I guess this makes it sound like this book is slightly inconsistent, and that’s probably correct, on one level. However, what was really consistent throughout this novel was Monson’s writing. As the title of this review indicates, Monson portrays Ida as someone who is able to see beauty and enjoy simple things, even when there’s so much death and destruction around her. There’s one scene when Ida is going home after a very bad bombing at the shelter where she volunteers, and she’s struck by the crocuses coming into bloom in a nearby park. This was is described with such amazement, you can practically see Ida looking at them yourself. These are the types of observations that allow the reader to ignore the lulls in the story, and remember why we’re reading about these amazing women.

Almost all WWII stories can bring a lump to one’s throat, especially when we go through all their sufferings with them, only to finally reach the moment of peace. These are even more poignant when the characters really existed, or are based on real people. Mind you, that also means there will be appendices. Here we get all the usual ones as well as end noes that Monson included as references to events throughout the book; all of which are fascinating. All this is just to say that I am absolutely recommending this novel, but with a few reservations. Therefore, I think I’ll rate it four and a half stars out of five.

ceea3-4andhalftiny

30483411-0-Edelweiss-Reviewer-BShadow Mountain Publishing released “The Opera Sisters” by Marianne Monson on September 6, 2022. This book is available (via the following affiliate links) from Amazon, Foyles, The Book Depository UK and Book Depository US (both with free worldwide delivery), Waterstones, WHSmith, Wordery UK and Wordery US, Kobo US (eBooks and audiobooks), the website eBooks.com, Booksamillion.com, iTunes (iBooks and audiobooks), new or used from Alibris, used from Better World Books (promoting libraries and world literary), as well as from as well as from Bookshop.org and UK.Bookshop (to support independent bookshops, especially during the COVID-19 pandemic) or an IndieBound store near you. I would like to thank the publishers for sending me an ARC of this novel via Edelweiss.

This novel qualifies for the following reading challenges: New Release Challenge (#41), Historical Fiction Reading Challenge (#35).

Start your own WordPress blog today!

15 thoughts on “Arias for Hope.

  1. I forgot to mention – the one I just posted on hist.fic.challenge, The Ways We Hide is also WWII with a slightly different perspective and based on real people/events. You might like that one.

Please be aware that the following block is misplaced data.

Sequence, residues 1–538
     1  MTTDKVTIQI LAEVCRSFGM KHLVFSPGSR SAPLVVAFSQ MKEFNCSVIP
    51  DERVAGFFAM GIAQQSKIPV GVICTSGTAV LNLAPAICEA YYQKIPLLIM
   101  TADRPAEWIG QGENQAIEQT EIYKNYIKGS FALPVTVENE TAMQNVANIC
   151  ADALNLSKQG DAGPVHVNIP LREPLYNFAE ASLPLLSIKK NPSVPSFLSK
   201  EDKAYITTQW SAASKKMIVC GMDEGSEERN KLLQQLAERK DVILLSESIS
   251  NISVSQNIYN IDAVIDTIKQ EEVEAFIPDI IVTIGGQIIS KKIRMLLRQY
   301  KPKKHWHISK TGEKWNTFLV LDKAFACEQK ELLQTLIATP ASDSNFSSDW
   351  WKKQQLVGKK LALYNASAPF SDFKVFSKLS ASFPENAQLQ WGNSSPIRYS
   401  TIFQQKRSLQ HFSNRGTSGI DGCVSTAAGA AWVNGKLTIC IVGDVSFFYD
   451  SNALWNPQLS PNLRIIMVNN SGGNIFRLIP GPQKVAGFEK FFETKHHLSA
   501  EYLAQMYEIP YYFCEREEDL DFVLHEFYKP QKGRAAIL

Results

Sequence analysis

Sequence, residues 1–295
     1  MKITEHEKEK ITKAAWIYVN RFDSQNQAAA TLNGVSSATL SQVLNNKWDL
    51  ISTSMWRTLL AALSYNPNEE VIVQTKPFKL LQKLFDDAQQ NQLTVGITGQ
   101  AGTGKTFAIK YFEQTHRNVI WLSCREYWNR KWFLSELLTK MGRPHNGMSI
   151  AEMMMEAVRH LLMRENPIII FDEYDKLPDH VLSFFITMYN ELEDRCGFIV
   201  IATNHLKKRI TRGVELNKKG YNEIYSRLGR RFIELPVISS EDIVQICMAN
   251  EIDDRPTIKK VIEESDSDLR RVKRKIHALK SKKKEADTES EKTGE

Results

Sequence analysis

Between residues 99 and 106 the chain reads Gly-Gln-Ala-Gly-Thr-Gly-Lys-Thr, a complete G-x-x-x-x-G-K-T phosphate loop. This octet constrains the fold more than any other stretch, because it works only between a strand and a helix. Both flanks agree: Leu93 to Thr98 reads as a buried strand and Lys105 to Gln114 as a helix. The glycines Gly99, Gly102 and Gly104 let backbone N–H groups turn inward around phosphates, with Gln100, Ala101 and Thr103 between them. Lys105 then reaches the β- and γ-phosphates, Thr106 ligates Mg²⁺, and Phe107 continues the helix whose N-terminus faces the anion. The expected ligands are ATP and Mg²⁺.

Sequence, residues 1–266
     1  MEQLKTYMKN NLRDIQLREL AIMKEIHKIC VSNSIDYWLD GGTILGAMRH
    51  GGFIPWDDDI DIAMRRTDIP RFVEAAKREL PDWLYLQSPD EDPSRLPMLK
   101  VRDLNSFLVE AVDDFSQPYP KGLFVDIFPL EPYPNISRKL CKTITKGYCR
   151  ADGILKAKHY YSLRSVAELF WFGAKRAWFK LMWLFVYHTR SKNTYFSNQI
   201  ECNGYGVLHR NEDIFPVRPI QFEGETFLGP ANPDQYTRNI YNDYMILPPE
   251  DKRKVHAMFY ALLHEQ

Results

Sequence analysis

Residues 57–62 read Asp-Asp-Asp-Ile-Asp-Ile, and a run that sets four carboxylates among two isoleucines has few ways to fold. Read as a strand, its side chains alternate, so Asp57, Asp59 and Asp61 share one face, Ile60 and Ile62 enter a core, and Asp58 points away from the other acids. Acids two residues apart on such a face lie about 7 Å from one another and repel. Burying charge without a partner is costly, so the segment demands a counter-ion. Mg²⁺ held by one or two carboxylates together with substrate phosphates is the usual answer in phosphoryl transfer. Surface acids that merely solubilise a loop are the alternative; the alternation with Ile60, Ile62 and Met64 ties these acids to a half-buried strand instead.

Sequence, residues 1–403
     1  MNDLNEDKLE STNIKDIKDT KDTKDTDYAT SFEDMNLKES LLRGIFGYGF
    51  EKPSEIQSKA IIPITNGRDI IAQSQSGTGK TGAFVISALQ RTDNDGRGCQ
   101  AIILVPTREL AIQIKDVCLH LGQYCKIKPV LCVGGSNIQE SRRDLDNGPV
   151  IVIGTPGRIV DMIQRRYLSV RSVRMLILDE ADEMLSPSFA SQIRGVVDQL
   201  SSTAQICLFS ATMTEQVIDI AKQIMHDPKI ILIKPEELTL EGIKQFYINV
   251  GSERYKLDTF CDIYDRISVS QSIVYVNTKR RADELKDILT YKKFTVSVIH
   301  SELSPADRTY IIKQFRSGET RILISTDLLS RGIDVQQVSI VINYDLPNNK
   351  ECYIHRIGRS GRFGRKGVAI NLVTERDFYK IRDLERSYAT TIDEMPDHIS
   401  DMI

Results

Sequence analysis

Liked by 1 person

  2. I added the Winter Orphans to my TBR last month from yet another blogger. Seems like it might need to move up my list. Davida – this one sounds intriguing also – great review by being honest – that’s when reviews are the most helpful because it gives a potential reader insight about whether the book might be for them. 4.5 stars is still pretty outstanding!
    Terrie @ Bookshelf Journeys

    Liked by 1 person

      1. Rosli and Anne-Marie were the two main characters…

        “Rösli Naff spent most of her postwar life in Denmark, choosing to settle in that country because she admired the way it saved the majority of its Jewish population. In 1989, when she was named Righteous Among the Nations by Yad Vashem, she initially declined the honor, saying that she only wished she could have done more. Later, at a ceremony honoring Germaine Hommel in 1992, Rösli finally accepted her medal. She passed away in Glarus, Switzerland, in 1996. Anne-Marie Im Hof-Piguet (her married name) was also recognized as Righteous Among the Nations by Yad Vashem in 1990, alongside two of the Cordier sisters, Victoria and Madeleine.” ~The Winter Orphans

        Liked by 1 person

Leave a Reply

Please log in using one of these methods to post your comment:

WordPress.com Logo

You are commenting using your WordPress.com account. Log Out /  Change )

Twitter picture

You are commenting using your Twitter account. Log Out /  Change )

Facebook photo

You are commenting using your Facebook account. Log Out /  Change )

Connecting to %s

This site uses Akismet to reduce spam. Learn how your comment data is processed.